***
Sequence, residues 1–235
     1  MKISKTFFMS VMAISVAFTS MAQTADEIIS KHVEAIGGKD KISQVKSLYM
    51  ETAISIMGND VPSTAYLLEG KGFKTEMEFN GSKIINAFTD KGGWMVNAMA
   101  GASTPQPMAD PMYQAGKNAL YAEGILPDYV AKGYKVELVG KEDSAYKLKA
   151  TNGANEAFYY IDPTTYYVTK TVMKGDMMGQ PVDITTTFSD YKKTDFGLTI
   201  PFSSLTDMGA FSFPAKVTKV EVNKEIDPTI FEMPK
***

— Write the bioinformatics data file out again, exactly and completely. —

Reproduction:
Sequence, residues 1–235
     1  MKISKTFFMS VMAISVAFTS MAQTADEIIS KHVEAIGGKD KISQVKSLYM
    51  ETAISIMGND VPSTAYLLEG KGFKTEMEFN GSKIINAFTD KGGWMVNAMA
   101  GASTPQPMAD PMYQAGKNAL YAEGILPDYV AKGYKVELVG KEDSAYKLKA
   151  TNGANEAFYY IDPTTYYVTK TVMKGDMMGQ PVDITTTFSD YKKTDFGLTI
   201  PFSSLTDMGA FSFPAKVTKV EVNKEIDPTI FEMPK